Since Johnkey’s stupid comments the other day about Wellington dying, there has been a predictable uproar and outpouring of denial from all of us proud Wellingtonians. Without doubt, if he meant to stir us into action, he has succeeded. Also without doubt, he has no endeared himself to anyone in this town – if chef’s didn’t spit in his soup before, I’m sure they will now.
Then today, chief of everything, Mr Joyce announces that Celia Wade-Brown is the root of all problems and that if only “she and her silly council” (words to that effect) would support more roads, then everything would be rosy. In reply to all this, it seems that WCC has decided the way out of this imbroglio is to Brand its way out.
All of these things are wrong. Roads are not the answer. Brands are not the answer.
Roads improve productivity, a little, and improve the bank balance of companies with large road moving machinery – but that’s about all. Branding improves Saatchi’s bank balance quite a bit, but does nothing really. Construction, on the other hand, affects a wide range of industries and workers, and is an area well worth investing in.
Wellington has an issue, not so much with lack of Government confidence in its Mayor (although that is a concern that it is stated so openly), but to me, the greatest issue is the stock of existing central city buildings. It’s a fair cop, Guv – you’ve got us bang to rights – we do have a problem with existing buildings not being seismically up to snuff, as well as the old chestnut of us sitting on the biggest potential earthquake hazard this side of the San Andreas fault. If we knew the Big ‘Un would be arriving tomorrow, we’d all happily decamp up to the Wairarapa for the next week, until it was all over. Except of course, that the Wairarapa is just as bad really. Actually, probably the safest nearby place is Nelson, but that’s not going to be an easy exodus. We all know, deep in our hearts, or perhaps in a lot shallower place – like at the front of our nose – that if an earthquake comes it will wipe out the city.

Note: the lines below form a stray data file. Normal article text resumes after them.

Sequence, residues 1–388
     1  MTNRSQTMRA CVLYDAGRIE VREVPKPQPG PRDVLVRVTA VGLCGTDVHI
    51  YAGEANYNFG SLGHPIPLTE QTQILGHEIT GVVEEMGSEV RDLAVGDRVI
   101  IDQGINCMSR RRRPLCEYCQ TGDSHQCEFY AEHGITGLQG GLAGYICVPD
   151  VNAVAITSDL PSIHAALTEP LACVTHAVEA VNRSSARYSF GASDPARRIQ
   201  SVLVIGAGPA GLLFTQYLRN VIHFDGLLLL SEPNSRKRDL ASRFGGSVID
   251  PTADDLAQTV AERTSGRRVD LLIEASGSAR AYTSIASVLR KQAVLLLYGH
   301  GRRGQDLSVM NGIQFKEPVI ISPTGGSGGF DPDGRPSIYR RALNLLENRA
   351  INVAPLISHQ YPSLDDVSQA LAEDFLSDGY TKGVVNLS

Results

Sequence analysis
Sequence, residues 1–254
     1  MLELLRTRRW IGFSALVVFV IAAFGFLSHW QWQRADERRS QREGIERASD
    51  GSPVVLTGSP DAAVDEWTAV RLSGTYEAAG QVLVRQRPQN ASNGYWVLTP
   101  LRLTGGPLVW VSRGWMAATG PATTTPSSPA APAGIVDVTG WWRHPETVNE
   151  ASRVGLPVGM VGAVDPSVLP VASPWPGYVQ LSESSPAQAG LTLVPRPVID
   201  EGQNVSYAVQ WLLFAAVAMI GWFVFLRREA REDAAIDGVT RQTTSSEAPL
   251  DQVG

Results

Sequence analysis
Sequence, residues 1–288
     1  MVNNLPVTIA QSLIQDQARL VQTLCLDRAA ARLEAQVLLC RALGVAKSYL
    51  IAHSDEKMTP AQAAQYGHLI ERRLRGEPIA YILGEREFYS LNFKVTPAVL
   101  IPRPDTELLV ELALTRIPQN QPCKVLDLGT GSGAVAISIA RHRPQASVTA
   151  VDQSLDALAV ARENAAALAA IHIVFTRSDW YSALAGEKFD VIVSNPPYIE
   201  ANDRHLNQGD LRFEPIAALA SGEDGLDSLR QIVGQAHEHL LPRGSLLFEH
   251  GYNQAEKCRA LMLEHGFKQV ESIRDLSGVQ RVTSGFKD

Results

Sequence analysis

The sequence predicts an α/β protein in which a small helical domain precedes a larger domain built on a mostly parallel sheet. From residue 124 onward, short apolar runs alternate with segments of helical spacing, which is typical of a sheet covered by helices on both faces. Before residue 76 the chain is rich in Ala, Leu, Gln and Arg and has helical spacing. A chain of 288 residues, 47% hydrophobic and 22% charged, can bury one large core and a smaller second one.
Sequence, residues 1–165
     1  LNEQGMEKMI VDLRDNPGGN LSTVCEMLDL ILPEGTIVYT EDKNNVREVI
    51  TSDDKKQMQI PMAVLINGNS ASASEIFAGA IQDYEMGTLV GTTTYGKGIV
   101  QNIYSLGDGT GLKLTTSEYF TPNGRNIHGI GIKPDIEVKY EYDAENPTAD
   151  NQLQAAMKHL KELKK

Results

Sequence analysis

But what if we were to put two and two together, and come up, not with four or five, but instead a perfect ten? What if we were to use our currently sitting idle construction industry, and get them to work to quake-safe our homes? What if we were to be determined that an earthquake of magnitude 8.0 will not wipe us out, but that we would sit here happily, ride it out, shrug it off, sing Hallelujah, and then get back to work? How would that feel? How secure and happy would we be then? Is that just a pipe dream – or is that achievable?
Of course, it is. Tokyo has had that attitude for quite some time. Japan has long since been prepared for both earthquakes and tsunami – evidence being that they even named the word themselves. New Zealand, and quite specifically Wellington, is gloriously unprepared, and at present is just relying on the time honoured tradition of sticking heads in sand.